The Secret Code of Beer Expiration Dates
By consumerist.com February 1, 2006
Beer — an alcoholic beverage brewed with hops, malt and barley; once referred to by Keats as “sweet liquid bread” — has a half life of about three months. Six months from the date of brewing, beer turns from inebriating mana into hobo swill. Then why is it that most American beers do not display their expiration dates, so consumer’s can pick the freshest brew possible?
According to this article. beers actually do — it’s simply written on each bottle in a secret code to confuse alcohol-addled consumers.
A loaf of bread has it. So does a carton of milk. But if you’re looking for the expiration date on a bottle of beer, forget about it – for many brewers, that information is a closely guarded secret.
There are now more bottles of beer on the store wall than ever – more than 2,000 domestic brands alone – making it harder for both stores and consumers to steer clear of the stale stuff. Age is critical: Nearly all beer begins to deteriorate before it even leaves the plant,
partly due to oxygen in the bottle, and many experts say most brews are well past their prime after six months.
To identify when bottles and cans need to be yanked from the shelves, many brewers imprint them with cryptic letters and numbers that distributors can translate. The trouble is they look more like hieroglyphics to beer drinkers, and most makers don’t decipher them for consumers. But with the help of industry insiders and analysts, we cracked the codes, studying bottles purchased across the country to determine the key dates for 18 big brews.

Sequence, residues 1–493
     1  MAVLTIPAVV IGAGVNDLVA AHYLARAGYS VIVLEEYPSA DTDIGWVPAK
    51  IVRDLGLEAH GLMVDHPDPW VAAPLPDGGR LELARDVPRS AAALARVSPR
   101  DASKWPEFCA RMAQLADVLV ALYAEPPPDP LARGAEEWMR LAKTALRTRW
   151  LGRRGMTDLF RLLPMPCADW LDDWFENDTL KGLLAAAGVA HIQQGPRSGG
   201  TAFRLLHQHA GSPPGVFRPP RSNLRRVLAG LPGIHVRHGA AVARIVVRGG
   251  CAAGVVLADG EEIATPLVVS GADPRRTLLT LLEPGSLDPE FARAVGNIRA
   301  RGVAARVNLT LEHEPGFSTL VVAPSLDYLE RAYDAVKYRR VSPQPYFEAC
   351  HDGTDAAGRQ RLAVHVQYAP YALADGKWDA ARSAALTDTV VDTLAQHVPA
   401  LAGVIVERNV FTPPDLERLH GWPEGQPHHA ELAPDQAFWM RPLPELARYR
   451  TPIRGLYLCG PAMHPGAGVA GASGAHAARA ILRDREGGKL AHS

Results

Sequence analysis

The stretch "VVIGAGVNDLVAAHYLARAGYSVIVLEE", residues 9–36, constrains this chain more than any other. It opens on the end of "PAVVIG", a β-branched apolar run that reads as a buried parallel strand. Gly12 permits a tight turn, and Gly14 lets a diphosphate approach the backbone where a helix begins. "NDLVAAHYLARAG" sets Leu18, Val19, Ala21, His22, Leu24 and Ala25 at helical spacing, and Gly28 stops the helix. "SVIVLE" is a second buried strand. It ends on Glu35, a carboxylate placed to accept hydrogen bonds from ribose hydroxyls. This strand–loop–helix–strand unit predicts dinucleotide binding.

The way the code works is this. Letters from A-M represent the month of the year. The next four digits are the day and year the beer was first brewed, and the last two letters are the state code where it was brewed. So you may want to stay away from that fifty cent close-out special at the local liquor store marked M0787DE. Oddly enough, Irish brews have clearly marked expiration dates… and our local off-license sells a variety of off-peak beers in foul-smelling wicker baskets for discount prices. Hobo’s delight.Source: consumerist.com